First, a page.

We actually started in 2009 with a 2+2 hybrid coupé,” says Rivian’s founder and CEO, RJ Scaringe, of the world’s ‘newest’ car company. Its first two models, the R1S SUV and R1T pick-up truck – both big-range electric vehicles sharing a common architecture – were revealed at the recent Los Angeles motor show. But it turns out Rivian isn’t new at all.
Now a decade old, Rivian was known as Avera when it started. Search hard in Google and you’ll find a cryptic teaser image of the Avera coupé under blue covers, never to be revealed. And it never has gone public – until now.
“It’s been really hard to get here – much harder than I thought it would be,” says 35-year-old Scaringe on reflection of the decade it’s taken for him to go public with his car company. So why the long wait, then?
“You look at the costs for a car company – you need huge capital, a large team, and everything costs,” he says. “You need many hundreds of suppliers and then a product to attract customers – and then you need time. Even if you had everything in place at the start, it’d take four or five years. It’s challenging. We started a company with none of those things.”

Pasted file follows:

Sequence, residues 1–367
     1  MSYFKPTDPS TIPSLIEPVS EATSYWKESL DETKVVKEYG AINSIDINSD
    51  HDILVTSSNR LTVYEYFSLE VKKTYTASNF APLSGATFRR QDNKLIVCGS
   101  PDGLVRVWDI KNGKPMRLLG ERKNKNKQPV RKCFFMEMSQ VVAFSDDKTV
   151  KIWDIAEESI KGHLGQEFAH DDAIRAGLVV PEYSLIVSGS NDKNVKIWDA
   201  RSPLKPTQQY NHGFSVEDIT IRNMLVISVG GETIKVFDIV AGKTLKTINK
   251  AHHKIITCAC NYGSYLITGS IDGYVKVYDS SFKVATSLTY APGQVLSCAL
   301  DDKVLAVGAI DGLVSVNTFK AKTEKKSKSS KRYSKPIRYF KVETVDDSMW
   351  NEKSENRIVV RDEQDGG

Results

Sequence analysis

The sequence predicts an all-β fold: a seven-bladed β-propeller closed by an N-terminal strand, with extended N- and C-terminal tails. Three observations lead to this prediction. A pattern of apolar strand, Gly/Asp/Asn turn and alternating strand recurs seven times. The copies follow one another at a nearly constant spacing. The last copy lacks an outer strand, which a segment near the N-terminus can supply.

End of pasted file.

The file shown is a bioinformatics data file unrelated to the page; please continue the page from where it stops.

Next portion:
Which is why Rivian has a very different feel to it than other startups. It waited until all those things were in place before going public with its models, rather than announcing the company and its plans with a big bang right at its formation.
Rivian is 10 years old and has never made a car, but does have its cars designed, engineered and ready to go, plus an ex-Mitsubishi factory being readied to build them in. Crucially, Rivian is also well funded through investors, who have backed the U-turns Scaringe has performed with the company’s direction.
“With the 2+2 coupé, I raised a small amount of capital,” he says. “I had 20 people on a small team, and then after about two and a half years at the end of 2011, we got to a fork in the road. We could continue down that path, hoping something changes, unlock the capital and then scale up. Or shelve it all, and use those lessons to rethink the business.
“I shelved it, then began the process of thinking hard about why we exist. Nothing else matters if you can’t answer that. I didn’t believe in the business – there was a gap.”